Thursday, July 5, 2007

It's NOT all about hooking on.

Lots of folks seem to think that the roundpen is all about "hooking on". While it's absolutely important to be sure the horse is paying attention to you, hooking on is something that can easily be overdone...and it's one of the harder things to UNtrain. The point of hooking on is NOT "getting the horse to follow you as leader." It is simply teaching him that when you're around, he should be ready to go to work. That you have a plan he needs to be involved in. When you ask for his attention, it is because you have an immediate job for him to do.

I've watched so-called "trainers" get a horse in the roundpen and do nothing more than have the horse follow them around for twenty minutes like the Pied Piper, then call it a day. All they've accomplished is to teach the horse that if he's following mindlessly along behind them, he doesn't have to work! In fact, very early in the roundpen, most horses will come to the conclusion that hooking on, walking in and facing you, is the quickest way out of work. It's extremely important to balance the hooking on lesson with teaching the horse to drive away from you at the outset.

Everything that you do in the roundpen should be done with the horse's attention. When you drive him, whether at the walk, trot, or lope, it should be with feel...he should have an ear in your direction and his head tipped slightly towards you; he should move with ease and as much life as you ask for, actively waiting for the next request....not as though he's mindlessly plodding, nor franticly racing in circles whilst looking to the outside of the pen. Might as well turn him out and let the ranch dogs chase him if it's no better than that.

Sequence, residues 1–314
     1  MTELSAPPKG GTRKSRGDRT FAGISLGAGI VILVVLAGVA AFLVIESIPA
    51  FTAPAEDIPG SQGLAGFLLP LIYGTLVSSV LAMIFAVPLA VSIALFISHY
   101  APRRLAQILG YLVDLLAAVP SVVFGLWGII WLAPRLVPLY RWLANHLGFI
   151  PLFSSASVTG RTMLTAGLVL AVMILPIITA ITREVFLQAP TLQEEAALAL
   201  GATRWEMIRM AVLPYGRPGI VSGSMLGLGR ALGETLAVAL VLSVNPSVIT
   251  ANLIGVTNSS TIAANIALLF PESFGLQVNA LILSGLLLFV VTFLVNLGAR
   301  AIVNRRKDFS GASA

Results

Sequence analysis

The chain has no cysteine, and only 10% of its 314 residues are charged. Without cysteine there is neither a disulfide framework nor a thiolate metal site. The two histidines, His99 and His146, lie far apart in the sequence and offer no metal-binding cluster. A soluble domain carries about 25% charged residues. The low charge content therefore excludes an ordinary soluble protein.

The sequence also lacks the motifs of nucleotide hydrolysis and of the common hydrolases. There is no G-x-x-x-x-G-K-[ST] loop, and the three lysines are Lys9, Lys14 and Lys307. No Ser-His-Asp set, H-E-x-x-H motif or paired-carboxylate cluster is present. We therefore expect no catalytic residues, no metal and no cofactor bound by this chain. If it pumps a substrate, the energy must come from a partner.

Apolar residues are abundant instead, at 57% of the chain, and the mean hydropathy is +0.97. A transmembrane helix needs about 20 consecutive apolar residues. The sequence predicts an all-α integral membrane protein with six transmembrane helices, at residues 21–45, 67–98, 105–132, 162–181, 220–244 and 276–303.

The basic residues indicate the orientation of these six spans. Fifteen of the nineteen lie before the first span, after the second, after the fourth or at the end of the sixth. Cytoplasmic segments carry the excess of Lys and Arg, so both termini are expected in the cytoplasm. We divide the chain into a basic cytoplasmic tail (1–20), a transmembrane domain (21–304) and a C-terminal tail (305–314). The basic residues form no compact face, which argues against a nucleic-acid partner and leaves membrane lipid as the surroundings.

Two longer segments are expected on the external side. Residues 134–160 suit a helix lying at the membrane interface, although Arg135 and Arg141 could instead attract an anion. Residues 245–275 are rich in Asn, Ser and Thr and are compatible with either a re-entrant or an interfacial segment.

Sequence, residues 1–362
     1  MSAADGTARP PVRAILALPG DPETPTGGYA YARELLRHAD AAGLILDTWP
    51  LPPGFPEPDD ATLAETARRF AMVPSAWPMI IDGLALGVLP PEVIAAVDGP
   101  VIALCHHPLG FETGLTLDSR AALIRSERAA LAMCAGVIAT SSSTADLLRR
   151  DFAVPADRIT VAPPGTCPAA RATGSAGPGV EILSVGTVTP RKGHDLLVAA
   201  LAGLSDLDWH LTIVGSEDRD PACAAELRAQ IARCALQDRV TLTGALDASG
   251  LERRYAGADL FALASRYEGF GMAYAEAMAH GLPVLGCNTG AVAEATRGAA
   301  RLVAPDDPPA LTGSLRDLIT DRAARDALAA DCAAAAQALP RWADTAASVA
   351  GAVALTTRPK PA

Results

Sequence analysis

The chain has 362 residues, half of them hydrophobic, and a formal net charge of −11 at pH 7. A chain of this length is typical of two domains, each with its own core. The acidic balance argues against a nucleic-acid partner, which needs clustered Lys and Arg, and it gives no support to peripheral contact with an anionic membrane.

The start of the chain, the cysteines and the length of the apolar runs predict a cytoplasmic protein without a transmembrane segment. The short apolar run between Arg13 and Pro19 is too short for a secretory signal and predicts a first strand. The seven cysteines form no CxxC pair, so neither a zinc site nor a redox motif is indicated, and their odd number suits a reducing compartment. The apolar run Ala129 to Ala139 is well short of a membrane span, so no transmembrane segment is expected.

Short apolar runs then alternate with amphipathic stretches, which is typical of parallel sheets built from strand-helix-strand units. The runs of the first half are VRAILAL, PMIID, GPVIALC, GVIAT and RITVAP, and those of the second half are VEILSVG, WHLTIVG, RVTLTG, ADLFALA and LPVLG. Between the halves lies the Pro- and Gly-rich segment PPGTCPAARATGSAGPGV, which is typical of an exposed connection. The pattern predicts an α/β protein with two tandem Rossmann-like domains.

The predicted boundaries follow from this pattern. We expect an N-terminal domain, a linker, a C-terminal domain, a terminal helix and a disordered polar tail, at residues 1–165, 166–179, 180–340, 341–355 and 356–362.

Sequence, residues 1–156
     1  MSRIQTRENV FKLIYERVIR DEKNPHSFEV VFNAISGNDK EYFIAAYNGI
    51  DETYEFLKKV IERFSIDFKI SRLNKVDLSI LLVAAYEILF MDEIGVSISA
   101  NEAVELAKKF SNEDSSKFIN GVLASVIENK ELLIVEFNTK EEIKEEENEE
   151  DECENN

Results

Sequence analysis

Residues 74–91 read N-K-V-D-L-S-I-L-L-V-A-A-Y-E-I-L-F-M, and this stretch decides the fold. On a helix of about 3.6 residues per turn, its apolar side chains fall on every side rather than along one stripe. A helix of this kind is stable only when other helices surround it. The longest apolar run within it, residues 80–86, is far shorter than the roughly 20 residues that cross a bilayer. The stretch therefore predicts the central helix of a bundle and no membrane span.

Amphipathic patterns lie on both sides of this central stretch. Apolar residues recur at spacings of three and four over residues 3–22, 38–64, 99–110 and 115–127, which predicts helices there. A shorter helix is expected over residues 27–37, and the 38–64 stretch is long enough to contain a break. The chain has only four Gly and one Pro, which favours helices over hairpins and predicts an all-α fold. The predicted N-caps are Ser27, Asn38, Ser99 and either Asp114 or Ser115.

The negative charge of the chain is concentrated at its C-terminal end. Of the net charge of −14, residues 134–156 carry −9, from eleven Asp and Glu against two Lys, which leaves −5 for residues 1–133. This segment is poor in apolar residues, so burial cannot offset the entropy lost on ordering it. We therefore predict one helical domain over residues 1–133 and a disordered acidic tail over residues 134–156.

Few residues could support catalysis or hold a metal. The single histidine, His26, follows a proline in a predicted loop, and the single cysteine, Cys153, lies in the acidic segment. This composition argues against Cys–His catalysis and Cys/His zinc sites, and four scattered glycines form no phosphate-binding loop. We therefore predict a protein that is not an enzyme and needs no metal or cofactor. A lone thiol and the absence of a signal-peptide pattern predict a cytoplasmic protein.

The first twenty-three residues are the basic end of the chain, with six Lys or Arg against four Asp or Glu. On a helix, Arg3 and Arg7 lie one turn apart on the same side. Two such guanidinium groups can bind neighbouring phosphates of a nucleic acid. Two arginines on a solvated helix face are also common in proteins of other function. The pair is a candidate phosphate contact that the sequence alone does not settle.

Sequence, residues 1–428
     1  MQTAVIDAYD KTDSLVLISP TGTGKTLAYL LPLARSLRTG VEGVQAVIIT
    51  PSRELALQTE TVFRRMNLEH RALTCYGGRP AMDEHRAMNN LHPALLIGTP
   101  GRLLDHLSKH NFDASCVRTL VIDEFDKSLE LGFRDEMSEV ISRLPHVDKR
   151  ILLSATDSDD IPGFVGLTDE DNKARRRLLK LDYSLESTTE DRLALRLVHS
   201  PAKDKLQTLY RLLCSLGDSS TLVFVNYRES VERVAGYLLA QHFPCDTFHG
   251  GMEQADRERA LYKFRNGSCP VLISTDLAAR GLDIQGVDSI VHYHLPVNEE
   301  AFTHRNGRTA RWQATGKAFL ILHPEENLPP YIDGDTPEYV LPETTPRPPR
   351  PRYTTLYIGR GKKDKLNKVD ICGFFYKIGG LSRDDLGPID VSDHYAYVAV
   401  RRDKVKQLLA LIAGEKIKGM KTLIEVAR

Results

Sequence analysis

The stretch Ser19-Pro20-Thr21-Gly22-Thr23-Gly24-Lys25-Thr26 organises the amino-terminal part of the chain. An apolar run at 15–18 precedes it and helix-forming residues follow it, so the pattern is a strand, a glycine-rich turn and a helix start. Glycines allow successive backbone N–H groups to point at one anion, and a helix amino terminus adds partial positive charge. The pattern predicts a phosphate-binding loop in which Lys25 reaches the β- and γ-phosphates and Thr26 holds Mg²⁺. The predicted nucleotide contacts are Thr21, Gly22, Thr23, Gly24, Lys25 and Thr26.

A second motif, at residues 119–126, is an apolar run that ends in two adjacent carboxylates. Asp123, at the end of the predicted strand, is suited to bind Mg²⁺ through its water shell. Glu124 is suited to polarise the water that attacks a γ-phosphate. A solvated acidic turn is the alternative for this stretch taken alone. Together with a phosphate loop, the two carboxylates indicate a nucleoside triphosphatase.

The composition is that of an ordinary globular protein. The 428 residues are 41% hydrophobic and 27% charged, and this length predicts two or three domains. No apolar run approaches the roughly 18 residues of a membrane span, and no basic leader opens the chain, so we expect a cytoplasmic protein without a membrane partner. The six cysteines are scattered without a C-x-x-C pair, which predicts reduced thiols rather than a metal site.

Always remember that all groundwork is about getting control of the feet...each one by itself, and in conjunction with the other three. To be able to direct the feet with any finesse, the lessons should involve fast work as well as slow, methodical work, until the horse moves fluidly when and where you want him, at any speed. Hooking on simply represents the horse's willingness to be available for the job...it is not the job itself!

Thursday, June 21, 2007

Going With the Horse...

WOW, have I been remiss in my blogging! So many thoughts I should have written about here over the last several months. Guess it's time to play a little catch-up.

Of all the things we can do to get more in tune with our horses, and get our horses more in tune with us, probably the most beneficial thing -- the thing that will make your horse SO much more secure and reliable -- is also the hardest thing to do at first. Because your natural instinct is to instantly CLUTCH UP when things get a little quicker than you would like. Maybe it's just fear...maybe it's the desire for control...darn it, I said WALK, not trot...maybe it's a little of both. But it's a sure way to build resistance into your horse.